To avoid this issue, Stripe calculates the amount of tax left on the order before calling your /refund endpoint if the merchant is returning the remainder of the order. The line items will be included in the order_return’s items array and represent the taxes Stripe expects you to refund. You should return the same line items in your response. For example, if the customer returns the remainder of the above order (ignoring shipping taxes), you will receive the following request (some fields omitted for clarity):

    {
      "order": {
        "id": "or_15iahK2eZvKYlo2CzKGgMVNl",
        ...
      },
      "order_return": {
        "amount": 1623,
        "items": [
          {
            "amount": 1500,
            "currency": "usd",
            "description": "Unisex / M",
            "object": "order_item",
            "quantity": 1,
            "parent": {
              "id": "sku_h8UvZvy9JA4QXeuR5Wxt",
              ...
            },
            "type": "sku"
          },
          {
            "parent": null,
            "type": "tax",
            "description": "Sales tax",
            "amount": 123,
            "currency": "usd"
          }
        ]
      }
    }

    Because this request includes tax line items, you should update the order in your system to reflect the return of $1.23 of taxes and return the following response:

    {
      "tax_update": {
        "items": [
          {
            "parent": null,
            "type": "tax",
            "description": "Sales tax",
            "amount": 123,
            "currency": "usd"
          }
        ]
      }
    }

    Refunding shipping taxes

    While an order may have one or more shipping methods when it is created, the customer will pick exactly one option before the order is paid. Any shipping taxes that you return under shipping_methods when the order is created will therefore only show up in the items array when the order is paid is refunded. You can see an example of this in the Order Payment section. If the merchant refunds shipping charges, you should calculate the taxes to return like you would with SKU taxes. For example, you would receive the request below (some fields omitted for clarity) if the merchant refunds the shipping costs:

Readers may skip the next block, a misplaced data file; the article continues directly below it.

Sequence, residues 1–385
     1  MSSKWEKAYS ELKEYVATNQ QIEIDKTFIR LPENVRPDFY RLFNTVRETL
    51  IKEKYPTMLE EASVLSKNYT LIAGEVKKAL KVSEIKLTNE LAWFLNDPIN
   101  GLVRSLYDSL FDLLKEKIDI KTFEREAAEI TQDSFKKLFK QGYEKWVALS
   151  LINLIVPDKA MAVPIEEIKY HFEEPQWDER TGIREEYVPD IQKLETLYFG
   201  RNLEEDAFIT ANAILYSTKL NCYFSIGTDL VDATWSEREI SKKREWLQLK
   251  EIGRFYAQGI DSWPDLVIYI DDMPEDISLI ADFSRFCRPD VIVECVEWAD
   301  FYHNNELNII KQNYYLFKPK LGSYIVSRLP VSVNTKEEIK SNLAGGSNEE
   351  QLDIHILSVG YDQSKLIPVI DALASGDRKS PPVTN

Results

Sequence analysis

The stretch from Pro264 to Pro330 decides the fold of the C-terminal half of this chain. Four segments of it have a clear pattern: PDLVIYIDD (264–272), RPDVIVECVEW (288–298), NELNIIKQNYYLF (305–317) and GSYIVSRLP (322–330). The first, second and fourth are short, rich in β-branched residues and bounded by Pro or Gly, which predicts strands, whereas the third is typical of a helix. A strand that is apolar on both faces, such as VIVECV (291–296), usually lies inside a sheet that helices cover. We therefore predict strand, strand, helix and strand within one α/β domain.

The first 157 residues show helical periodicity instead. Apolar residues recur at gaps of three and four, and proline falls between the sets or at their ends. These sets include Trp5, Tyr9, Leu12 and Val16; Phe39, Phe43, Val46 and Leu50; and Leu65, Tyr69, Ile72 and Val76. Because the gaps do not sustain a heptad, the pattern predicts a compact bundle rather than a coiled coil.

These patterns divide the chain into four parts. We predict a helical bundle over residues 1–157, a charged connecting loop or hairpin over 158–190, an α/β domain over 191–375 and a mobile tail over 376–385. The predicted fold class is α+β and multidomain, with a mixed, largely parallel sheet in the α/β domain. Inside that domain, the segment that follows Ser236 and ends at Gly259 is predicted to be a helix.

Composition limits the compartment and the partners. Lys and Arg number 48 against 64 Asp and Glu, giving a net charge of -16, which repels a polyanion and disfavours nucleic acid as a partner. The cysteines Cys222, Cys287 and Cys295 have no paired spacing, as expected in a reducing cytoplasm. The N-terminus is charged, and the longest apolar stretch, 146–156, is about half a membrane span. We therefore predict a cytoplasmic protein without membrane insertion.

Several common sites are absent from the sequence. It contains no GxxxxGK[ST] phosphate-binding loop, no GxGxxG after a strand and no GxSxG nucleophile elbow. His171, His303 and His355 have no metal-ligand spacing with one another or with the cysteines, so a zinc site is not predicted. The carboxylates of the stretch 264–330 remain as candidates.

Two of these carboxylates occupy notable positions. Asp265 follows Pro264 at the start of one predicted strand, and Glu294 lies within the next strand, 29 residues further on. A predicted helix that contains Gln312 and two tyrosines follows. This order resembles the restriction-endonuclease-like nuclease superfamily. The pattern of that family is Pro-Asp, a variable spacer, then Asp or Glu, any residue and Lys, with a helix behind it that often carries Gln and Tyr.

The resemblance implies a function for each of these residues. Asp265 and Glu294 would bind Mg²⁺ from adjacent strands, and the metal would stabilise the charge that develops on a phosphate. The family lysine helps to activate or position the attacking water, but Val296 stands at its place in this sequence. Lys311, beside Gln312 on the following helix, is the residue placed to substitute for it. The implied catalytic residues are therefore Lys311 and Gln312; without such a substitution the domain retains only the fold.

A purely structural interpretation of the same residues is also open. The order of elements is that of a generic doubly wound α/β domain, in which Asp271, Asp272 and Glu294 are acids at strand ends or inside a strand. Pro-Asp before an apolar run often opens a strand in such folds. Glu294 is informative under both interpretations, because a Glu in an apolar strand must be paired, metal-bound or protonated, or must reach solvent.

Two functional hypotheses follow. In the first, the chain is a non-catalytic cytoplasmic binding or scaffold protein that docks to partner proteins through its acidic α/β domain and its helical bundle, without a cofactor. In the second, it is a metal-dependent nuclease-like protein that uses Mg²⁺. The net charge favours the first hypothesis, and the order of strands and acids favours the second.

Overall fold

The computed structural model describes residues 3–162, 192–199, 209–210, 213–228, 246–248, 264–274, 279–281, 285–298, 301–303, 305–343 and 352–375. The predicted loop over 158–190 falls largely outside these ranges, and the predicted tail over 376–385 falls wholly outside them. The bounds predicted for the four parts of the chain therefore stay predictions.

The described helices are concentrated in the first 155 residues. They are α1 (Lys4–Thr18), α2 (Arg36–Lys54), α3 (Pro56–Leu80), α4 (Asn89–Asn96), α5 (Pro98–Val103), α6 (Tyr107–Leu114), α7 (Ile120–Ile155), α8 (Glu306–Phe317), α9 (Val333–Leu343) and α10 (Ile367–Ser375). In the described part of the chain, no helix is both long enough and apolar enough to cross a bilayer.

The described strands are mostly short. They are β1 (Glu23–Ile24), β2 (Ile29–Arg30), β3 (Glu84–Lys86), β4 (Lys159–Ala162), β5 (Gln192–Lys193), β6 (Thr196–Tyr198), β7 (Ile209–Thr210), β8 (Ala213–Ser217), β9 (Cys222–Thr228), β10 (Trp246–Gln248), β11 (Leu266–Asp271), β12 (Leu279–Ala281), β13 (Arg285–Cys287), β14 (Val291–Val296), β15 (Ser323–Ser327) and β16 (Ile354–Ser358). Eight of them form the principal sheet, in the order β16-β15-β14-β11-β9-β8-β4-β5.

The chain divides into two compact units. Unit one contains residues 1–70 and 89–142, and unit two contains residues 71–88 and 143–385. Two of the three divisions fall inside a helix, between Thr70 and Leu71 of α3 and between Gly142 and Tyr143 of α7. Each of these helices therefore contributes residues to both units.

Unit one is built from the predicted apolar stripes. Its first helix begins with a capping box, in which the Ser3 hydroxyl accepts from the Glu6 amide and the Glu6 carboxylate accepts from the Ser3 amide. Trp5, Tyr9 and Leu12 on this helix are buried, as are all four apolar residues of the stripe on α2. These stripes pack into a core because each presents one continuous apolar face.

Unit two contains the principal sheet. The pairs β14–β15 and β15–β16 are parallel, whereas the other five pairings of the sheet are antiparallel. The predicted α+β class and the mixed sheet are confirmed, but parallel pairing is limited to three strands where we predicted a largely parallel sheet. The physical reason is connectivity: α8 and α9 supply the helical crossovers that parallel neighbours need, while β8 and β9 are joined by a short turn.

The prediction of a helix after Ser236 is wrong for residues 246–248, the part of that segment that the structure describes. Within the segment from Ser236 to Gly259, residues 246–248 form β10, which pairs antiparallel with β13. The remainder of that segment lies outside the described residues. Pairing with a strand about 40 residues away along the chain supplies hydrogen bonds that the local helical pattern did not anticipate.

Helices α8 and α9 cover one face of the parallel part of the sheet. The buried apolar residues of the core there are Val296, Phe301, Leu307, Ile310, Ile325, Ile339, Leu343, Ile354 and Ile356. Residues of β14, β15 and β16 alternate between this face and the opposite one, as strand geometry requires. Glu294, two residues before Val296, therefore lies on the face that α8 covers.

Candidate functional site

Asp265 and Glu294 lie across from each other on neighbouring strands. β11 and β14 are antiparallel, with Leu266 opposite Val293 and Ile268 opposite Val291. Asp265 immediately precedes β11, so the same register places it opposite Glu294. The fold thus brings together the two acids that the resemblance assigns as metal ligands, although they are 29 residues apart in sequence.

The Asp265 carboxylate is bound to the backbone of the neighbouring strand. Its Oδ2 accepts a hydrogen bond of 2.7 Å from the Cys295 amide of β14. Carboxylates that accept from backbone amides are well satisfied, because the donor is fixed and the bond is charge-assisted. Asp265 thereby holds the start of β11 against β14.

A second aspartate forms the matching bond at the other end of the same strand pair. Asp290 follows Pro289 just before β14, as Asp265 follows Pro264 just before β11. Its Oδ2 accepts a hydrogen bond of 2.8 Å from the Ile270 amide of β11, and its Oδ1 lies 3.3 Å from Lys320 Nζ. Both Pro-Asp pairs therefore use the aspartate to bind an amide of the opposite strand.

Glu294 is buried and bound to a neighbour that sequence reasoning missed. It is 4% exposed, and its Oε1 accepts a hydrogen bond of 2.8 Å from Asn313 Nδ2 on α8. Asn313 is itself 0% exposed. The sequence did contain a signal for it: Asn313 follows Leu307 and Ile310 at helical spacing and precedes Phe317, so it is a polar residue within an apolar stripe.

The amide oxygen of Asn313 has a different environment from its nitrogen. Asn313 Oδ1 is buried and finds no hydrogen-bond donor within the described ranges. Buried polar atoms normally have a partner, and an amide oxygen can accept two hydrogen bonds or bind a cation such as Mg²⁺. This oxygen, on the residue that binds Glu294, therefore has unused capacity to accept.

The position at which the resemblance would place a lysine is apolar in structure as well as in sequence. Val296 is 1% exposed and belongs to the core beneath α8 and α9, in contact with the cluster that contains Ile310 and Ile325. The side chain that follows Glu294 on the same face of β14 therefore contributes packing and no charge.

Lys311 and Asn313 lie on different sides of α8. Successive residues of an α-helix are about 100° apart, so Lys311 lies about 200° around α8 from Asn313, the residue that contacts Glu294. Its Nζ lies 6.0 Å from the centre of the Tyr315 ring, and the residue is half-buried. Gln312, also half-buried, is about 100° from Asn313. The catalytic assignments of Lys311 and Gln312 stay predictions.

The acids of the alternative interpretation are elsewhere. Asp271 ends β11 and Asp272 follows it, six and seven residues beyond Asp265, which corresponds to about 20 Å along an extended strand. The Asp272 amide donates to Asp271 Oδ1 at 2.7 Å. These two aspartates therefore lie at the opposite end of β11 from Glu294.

{
      "order": {
        "id": "or_15iahK2eZvKYlo2CzKGgMVNl",
        ...
      },
      "order_return": {
        "amount": 1000,
        "items": [
          {
            "parent": "two_day",
            "type": "shipping",
            "description": "Premium",
            "amount": 1000,
            "currency": "usd"
          }
        ]
      }
    }

    You should return the shipping taxes that you calculated when the order was created like any other order item taxes in the items nested under tax_update:

    {
      "tax_update": {
        "items": [
          {
            "parent": "two_day",
            "type": "tax",
            "description": "Shipping taxes",
            "amount": 10,
            "currency": "usd"
          }
        ]
      }
    }

    Indicating an error

    Any non-200 responses when creating or refunding orders will be considered an error, which results in the order creation or refund being rejected. This also means that if your endpoint is broken (e.g., due to a syntax error), orders cannot be created.

    Your endpoint can respond to the Stripe request with error messages that the API will return to the order creation request. Error codes are represented in the usual Stripe format:

    {
      "error": {
        "type": "action_failed",
        "code": "address_verification_failed",
        "message": "The postal code 94110 does not match the state NY."
      }
    }

    Acceptable values for the error code are:

    • taxes_calculation_failed: the taxes could not be computed
    • address_verification_failed: the address could not be verified

    Testing Your Integration

    To test your integration first configure your tax integration in the Stripe Dashboard. The Relay settings page in the Dashboard will let you specify a custom tax provider by picking “Change tax” and selecting “Provider” from the first dropdown. We suggest only sending test request (and thus only using test settings) while you are still developing your endpoint. Be sure to test different shipping addresses, shippable and non-shippable goods, as well as full and partial returns.

    Questions?

    We're always happy to help with code or other questions you might have. Search our documentation, contact support, or connect with our sales team. You can also chat live with other developers in #stripe on freenode.